Wednesday, April 29, 2015
GRAB A SOFT DRINK AND SOME POPCORN AND JOIN US!
Les Edgerton has published eighteen books including the novel The Genuine, Imitation, Plastic Kidnapping and his most recent work, Finding Your Voice: How to Put Personality in Your Writing. His fiction has been nominated for the Pushcart Prize, O. Henry Award, Edgar Allan Poe Award, PEN/Faulkner Award, the Derringer Award, Spinetingler Magazine Best Thriller Award, Texas Institute of Letters Jesse Jones Book Award, and the Violet Crown Book Award, among others. One of his screenplays was a semifinalist in the Academy Award’s Nicholl’s Foundation and another was a finalist in both the Writer’s Guild Awards and Best of Austin Screenplay competition. He’s taught creative writing for the UCLA Extension Writer’s Program, was the visiting writer-in-residence for the University of Toledo for three years, and the visiting writer for Trine University. He currently teaches an ongoing private novel-writing class and provides private coaching.
Les is teaching a class for the Writers’ League called “Watch to Write: Lessons for Novelists in Thelma and Louise” at St. Edward’s University. A native Texan, Edgerton is making several appearances in Texas this summer including this workshop, an appearance at BookPeople in Austin, an appearance before the San Antonio Writer’s Group, and will be on staff for the Writer’s Retreat Workshop at the Oblate Retreat in San Antonio, all in May. Details can be found on his website. Read the interview below and visit the class page to learn more.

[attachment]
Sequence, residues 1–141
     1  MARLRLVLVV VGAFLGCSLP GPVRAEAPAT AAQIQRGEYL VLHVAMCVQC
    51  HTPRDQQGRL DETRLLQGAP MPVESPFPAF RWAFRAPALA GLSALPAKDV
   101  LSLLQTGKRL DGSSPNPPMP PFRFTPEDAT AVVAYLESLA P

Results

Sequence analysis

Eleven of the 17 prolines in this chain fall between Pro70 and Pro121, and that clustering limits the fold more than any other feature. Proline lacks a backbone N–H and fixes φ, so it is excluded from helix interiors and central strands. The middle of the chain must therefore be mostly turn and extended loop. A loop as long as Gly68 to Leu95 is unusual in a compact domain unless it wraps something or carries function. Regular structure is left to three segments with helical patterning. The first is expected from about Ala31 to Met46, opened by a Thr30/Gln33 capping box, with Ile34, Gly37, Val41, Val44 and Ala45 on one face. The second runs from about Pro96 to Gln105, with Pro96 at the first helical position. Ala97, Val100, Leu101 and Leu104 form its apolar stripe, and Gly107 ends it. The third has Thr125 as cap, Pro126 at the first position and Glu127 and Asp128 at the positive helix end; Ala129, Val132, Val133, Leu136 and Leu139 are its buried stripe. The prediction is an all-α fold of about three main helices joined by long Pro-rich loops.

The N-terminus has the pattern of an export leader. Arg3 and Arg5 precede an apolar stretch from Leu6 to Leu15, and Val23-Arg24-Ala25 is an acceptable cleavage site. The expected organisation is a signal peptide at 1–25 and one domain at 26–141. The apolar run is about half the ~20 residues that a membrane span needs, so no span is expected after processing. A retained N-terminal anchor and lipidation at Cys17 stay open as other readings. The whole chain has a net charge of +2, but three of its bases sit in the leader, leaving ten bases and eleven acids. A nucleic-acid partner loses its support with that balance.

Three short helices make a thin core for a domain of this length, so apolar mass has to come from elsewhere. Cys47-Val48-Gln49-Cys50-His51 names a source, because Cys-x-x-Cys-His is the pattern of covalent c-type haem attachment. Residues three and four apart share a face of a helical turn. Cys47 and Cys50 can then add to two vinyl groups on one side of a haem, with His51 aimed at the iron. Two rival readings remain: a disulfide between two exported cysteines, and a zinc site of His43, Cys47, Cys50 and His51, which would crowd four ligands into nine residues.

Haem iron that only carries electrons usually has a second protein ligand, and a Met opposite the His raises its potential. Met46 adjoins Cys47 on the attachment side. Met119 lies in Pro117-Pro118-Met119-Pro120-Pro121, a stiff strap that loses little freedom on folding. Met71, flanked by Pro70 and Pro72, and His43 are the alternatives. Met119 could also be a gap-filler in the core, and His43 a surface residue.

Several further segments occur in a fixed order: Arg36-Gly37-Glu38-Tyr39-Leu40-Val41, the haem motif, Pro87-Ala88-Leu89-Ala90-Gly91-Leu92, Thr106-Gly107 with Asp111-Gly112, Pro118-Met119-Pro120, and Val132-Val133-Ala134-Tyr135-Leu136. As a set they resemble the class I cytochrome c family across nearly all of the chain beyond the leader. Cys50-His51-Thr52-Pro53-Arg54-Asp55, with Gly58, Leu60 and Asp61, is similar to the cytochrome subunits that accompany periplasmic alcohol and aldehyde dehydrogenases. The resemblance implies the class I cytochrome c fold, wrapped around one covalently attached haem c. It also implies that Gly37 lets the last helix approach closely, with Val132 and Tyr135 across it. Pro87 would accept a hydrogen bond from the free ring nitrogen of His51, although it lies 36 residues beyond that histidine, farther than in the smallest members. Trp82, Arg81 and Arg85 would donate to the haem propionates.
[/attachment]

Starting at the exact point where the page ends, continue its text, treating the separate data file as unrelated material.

Scribe: When did you know you were a writer? Was there a defining moment in your personal history?
Les Edgerton: I knew at about the age of five. When I read my first book by myself I knew at that moment that I wanted to be a writer. I’ve never wavered for a moment. I thought at the time I could write a better story than the one I just read. I couldn’t then… but I can now.